Itemized Deduction

Written By
Paul Tracy
Updated November 4, 2020

What is Itemized Deduction?

An itemized deduction is a reduction in taxable income that is dependent on calculations specific to the taxpayer's expenses or situation. Federal, state and local tax codes determine what is deductible and which taxpayers are eligible for itemized deductions.

How Does Itemized Deduction Work?

There are two kinds of tax deductions: standard and itemized. A standard deduction is a flat amount that applies to all qualified taxpayers. An itemized deduction requires calculations, proof of a qualifying expense, and time to fill out extra IRS forms at tax time. A taxpayer cannot claim standard deductions and itemized deductions; he must choose one.

Generally, if a taxpayer qualifies for a deduction, the taxpayer can subtract the amount of the deduction from his gross income. This in turn lowers the amount of income subject to tax. For example, if your gross income is $100,000 this year but you qualify for a $10,000 standard deduction, then you will be taxed on $100,000 - $10,000 = $90,000. If your effective tax rate is, say, 20%, then instead of paying 20% of $100,000 (i.e., $20,000) you can take the deduction and only have to pay 20% of $90,000 ($18,000). The $10,000 tax deduction saves you $2,000.

Itemized deductions often “phase out” for people with higher incomes. After all, creating, modifying, or eliminating tax deductions are one way for governments to encourage or discourage certain types of economic growth, social behavior, or activities.

Why Does Itemized Deduction Matter?

There are several kinds of tax deductions in the United States. Standard deductions are deductions taxpayers usually take advantage of if they don’t qualify for other deductions. Though taking a standard deduction is much easier and less time-consuming, when a person itemizes her deductions, she does so because she qualifies for several deductions that exceed the standard deduction. Deciding whether to itemize one’s deductions is a matter of knowing the tax rules and consulting a qualified accountant.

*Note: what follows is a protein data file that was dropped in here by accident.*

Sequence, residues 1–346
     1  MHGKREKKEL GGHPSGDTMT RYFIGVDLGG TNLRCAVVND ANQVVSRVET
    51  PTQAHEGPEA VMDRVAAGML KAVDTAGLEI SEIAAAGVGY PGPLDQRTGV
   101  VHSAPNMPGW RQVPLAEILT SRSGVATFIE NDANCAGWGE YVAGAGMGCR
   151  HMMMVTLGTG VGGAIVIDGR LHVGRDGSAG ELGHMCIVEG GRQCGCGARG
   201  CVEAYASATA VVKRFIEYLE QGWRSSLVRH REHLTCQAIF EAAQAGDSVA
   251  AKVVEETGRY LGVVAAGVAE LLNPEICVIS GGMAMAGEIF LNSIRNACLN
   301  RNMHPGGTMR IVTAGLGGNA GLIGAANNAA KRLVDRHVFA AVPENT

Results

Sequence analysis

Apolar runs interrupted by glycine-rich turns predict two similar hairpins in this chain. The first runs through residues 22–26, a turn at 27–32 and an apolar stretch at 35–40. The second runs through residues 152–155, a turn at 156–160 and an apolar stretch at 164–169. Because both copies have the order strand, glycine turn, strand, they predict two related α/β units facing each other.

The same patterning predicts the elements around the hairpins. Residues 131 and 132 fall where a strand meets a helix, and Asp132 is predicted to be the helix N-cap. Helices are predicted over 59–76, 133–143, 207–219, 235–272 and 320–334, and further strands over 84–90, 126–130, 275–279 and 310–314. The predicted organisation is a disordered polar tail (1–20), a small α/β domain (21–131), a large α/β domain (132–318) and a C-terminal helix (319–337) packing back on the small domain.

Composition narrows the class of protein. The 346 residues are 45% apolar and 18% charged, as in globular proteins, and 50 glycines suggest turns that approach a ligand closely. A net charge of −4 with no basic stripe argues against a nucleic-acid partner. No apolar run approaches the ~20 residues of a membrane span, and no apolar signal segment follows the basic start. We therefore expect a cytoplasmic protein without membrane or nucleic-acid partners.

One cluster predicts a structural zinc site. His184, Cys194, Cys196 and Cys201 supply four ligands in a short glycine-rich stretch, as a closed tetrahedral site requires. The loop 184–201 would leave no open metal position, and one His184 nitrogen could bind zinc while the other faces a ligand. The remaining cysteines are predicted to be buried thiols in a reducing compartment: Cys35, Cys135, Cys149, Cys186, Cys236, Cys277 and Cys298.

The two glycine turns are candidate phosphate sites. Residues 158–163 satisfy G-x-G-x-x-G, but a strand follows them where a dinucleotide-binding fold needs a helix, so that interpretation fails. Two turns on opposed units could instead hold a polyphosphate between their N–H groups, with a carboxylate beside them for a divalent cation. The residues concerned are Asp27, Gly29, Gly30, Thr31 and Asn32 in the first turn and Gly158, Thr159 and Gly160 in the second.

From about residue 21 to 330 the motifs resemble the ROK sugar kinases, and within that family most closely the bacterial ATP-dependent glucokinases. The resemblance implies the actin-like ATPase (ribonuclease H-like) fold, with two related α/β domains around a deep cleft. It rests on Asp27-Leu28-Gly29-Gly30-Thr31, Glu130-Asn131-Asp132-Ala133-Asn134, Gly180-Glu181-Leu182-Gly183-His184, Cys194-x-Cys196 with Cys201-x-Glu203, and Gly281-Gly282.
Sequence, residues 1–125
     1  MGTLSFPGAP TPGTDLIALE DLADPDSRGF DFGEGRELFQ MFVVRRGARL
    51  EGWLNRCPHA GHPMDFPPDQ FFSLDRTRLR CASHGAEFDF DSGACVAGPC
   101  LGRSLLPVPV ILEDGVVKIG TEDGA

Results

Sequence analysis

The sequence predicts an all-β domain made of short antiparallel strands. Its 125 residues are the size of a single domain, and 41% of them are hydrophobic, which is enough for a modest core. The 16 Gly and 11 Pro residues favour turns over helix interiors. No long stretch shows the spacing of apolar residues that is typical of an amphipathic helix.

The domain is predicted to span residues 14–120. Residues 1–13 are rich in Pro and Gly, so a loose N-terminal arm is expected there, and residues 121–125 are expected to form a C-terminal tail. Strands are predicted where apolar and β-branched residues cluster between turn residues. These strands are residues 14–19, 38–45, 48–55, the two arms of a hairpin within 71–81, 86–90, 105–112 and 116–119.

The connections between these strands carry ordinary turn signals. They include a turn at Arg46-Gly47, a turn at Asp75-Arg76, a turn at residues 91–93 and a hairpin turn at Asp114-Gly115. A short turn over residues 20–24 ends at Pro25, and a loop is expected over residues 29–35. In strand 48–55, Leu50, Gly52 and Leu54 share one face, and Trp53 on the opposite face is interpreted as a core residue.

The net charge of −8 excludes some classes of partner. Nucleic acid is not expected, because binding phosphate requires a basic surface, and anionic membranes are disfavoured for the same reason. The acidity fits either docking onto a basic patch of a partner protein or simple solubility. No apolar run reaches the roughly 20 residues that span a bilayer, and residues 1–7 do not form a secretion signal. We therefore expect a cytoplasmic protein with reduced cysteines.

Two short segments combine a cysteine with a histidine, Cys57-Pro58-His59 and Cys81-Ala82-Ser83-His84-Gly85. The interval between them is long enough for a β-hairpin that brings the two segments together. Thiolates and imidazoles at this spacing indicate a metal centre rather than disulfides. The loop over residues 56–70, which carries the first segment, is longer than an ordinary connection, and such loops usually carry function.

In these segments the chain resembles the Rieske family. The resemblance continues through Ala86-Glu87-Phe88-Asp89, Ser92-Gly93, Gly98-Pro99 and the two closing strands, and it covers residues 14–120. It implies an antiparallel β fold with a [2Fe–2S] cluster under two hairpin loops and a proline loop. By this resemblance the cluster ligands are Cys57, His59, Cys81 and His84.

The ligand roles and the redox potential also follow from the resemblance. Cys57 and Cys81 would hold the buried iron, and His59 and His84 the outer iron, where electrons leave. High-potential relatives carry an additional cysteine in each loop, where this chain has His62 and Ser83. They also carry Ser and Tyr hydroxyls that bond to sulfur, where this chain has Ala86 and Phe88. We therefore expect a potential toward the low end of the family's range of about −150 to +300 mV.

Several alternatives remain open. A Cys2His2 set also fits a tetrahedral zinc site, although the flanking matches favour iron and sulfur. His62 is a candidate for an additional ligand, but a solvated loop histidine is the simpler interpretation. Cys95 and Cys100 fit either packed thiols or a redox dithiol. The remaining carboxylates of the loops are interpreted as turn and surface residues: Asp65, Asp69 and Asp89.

Activate your free account to unlock our most valuable savings and money-making tips
  • 100% FREE
  • Exclusive money-making tips before we post them to the live site
  • Weekly insights and analysis from our financial experts
  • Free Report - 25 Ways to Save Hundreds on Your Monthly Expenses
  • Free Report - Eliminate Credit Card Debt with these 10 Simple Tricks
Ask an Expert
All of our content is verified for accuracy by Paul Tracy and our team of certified financial experts. We pride ourselves on quality, research, and transparency, and we value your feedback. Below you'll find answers to some of the most common reader questions about Itemized Deduction.
Be the first to ask a question

If you have a question about Itemized Deduction, then please ask Paul.

Ask a question

Paul has been a respected figure in the financial markets for more than two decades. Prior to starting InvestingAnswers, Paul founded and managed one of the most influential investment research firms in America, with more than 3 million monthly readers.

If you have a question about Itemized Deduction, then please ask Paul.

Ask a question Read more from Paul
Paul Tracy - profile
Ask an Expert about Itemized Deduction

By submitting this form you agree with our Privacy Policy

Don't Know a Financial Term?
Search our library of 4,000+ terms